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Everyman Essay Research Paper

Everyman Essay, Research Paper

Everyman is an English morality play written by an anonymous author in the late

fifteenth century. It is an allegorical play as well, and may have been based on an earlier

Dutch morality play.

In the beginning of the play, a foreword describes the message the story will

portray. A messenger tells the audience that people should be good in life, and look

forward to death so they may go to heaven. Sin seems good to people at the time, but it

will bring about sorrow when they die.

When the story begins, God is unhappy with the people in the world, and says

these people are unkind to him. God believes they are only interested in secular riches and

don’t fear his justice. The seven deadly sins are now an accepted ritual in daily life. One

man in particular, Everyman, seeks his own pleasure and does not thank God.

God calls on Death to bring him Everyman. Death tells God that Everyman is not

expecting Death yet, but God tells Death to bring him anyway. When Death meets

Everyman, Everyman asks him why he has come. Death tells Everyman that he has

forgotten God, and lives a bad life.

Death then asks Everyman to give his life account to God. This life is mostly bad

with a few good deeds. Everyman bribes Death to come back another day if Everyman

gave one thousand pounds. Death tells Everyman that the richest man would never die if

he accepted bribes.

Everyman continues to plead, however, asking if he could have another twelve

years to turn his life around, or if he could take someone with him. Death responds by

telling Everyman that he is smart, but hasn’t used his knowledge to change his life. Death

then tells Everyman to go and see if anyone would come with him.

Everyman then departs and tries to find someone to go with him. He calls upon

Fellowship, and asks if he will go. When Everyman tells Fellowship that he will never

come back, Fellowship will not go with Everyman.

Next, Everyman calls upon his friends and kinsman to go with him. Everyman tells

them that Death has come for an account of his life, and that he will accept Everyman to

take someone with him. Kindred says he will not go, then Cousin tells Everyman he has a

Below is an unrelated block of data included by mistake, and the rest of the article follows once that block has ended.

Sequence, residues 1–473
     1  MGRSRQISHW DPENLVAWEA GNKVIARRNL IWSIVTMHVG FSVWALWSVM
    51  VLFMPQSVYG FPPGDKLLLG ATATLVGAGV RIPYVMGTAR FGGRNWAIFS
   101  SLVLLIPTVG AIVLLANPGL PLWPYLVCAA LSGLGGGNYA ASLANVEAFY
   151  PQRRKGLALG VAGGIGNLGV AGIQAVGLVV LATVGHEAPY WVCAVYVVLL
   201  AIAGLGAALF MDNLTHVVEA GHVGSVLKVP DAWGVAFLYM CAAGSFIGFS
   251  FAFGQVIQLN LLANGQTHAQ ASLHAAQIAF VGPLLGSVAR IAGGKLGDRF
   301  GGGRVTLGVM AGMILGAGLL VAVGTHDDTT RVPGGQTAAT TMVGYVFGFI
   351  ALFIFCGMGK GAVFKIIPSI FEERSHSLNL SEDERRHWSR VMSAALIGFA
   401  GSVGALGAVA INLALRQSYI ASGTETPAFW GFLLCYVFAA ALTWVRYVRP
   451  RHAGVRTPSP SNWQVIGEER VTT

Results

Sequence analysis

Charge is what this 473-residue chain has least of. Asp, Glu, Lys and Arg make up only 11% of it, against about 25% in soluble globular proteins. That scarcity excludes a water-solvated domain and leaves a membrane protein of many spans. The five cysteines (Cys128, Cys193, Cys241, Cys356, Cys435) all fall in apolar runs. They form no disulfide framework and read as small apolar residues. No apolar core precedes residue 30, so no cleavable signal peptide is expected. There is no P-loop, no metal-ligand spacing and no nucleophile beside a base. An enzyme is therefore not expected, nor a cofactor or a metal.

cramp in his toe, and this is why he cannot go. Kindred says that he will give Everyman

his maid, and that she will go with him. However, Everyman realizes he has been

deceived and leaves.

Everyman then finds Goods and Riches, and asks him to go along with Everyman.

Goods and Riches is packed away in chests and is forgotten, and Everyman tells him that

money makes everything that is wrong right, so he should go with him. However, Goods

and Riches is too brittle to go, and tells Everyman that if he shared Goods and Riches with

the poor, then he would not have to take this journey. He then tells Everyman that he is a


Now Everyman realizes that Kindred, Cousin, and Goods and Riches have all

forsaken him, and that he must call upon the weak Good Deeds for help. Good Deeds is

weak because he is never used. Good Deeds tells Everyman to do as he says, and he and

his sister Knowledge will go with him on his journey. Knowledge says he must first go to

confession, and that if he asks for forgiveness of his sins from God, they will be forgiven.

Everyman asks for forgiveness, then prays for Mary to help him, and save him from his

enemy, Death.

Because Everyman goes to confession, Good Deeds and Knowledge will go with

Everyman on his journey. Everyman puts on a robe to shown his forgiveness, and believes

the three are ready to depart on the journey when Good Deeds tells Everyman he must

first meet with Discretion, Strength, Beauty, and Five Wits. These four tell Everyman

they will also accompany Everyman on his journey. Knowledge tells Everyman he must

first receive the sacrament of Extreme Unction from a priest before he dies.

During the Middle Ages, priests are believed to have been all-powerful. They

were above all men, and believed to have been given the power to cure all; they are able to

cure men’s redemption. However, like Chaucer, the author of Everyman was aware that

some religious figures led worldly and often lustful lives, and used the play as an

opportunity to satirize these clergy members. In the story, Knowledge gives a warning to

these respected religious members.

Finally, Everyman makes it to his grave, where Discretion, Strength, Beauty, and

Five Wits realize that their going along on the journey with Everyman meant death. All

four quickly gave excuses to leave Everyman, and do not embark upon the journey with

him. Good Deeds tells Everyman that earthly things are vanity, and that Good Deeds and

Knowledge are good and remain forever. Everyman then gives himself to the grave in the

presence of Good Deeds and Knowledge.

In the end of the play, the Doctor tells the audience that Pride, Beauty, Five Wits,

Strength, and Discretion leave them, and that nothing other than Good Deeds and

Knowledge will help them when they are judged at death by God. If a person lives his life

with courtesy and care while gaining knowledge and performing good deeds, he will be

placed in heaven with God.

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